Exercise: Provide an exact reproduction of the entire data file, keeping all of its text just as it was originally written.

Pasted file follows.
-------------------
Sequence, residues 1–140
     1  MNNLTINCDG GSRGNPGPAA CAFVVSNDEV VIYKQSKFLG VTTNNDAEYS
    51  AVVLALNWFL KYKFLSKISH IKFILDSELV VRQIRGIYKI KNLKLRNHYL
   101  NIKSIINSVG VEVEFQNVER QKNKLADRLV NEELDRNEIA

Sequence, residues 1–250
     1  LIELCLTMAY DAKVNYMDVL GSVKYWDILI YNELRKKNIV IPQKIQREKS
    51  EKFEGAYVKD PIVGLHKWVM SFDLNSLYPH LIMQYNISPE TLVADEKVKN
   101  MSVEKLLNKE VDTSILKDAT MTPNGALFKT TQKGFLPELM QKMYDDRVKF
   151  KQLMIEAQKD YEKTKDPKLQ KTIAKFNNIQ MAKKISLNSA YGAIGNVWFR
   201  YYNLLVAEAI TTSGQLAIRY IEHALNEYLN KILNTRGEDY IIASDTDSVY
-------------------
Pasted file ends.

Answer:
Sequence, residues 1–140
     1  MNNLTINCDG GSRGNPGPAA CAFVVSNDEV VIYKQSKFLG VTTNNDAEYS
    51  AVVLALNWFL KYKFLSKISH IKFILDSELV VRQIRGIYKI KNLKLRNHYL
   101  NIKSIINSVG VEVEFQNVER QKNKLADRLV NEELDRNEIA

Sequence, residues 1–250
     1  LIELCLTMAY DAKVNYMDVL GSVKYWDILI YNELRKKNIV IPQKIQREKS
    51  EKFEGAYVKD PIVGLHKWVM SFDLNSLYPH LIMQYNISPE TLVADEKVKN
   101  MSVEKLLNKE VDTSILKDAT MTPNGALFKT TQKGFLPELM QKMYDDRVKF
   151  KQLMIEAQKD YEKTKDPKLQ KTIAKFNNIQ MAKKISLNSA YGAIGNVWFR
   201  YYNLLVAEAI TTSGQLAIRY IEHALNEYLN KILNTRGEDY IIASDTDSVY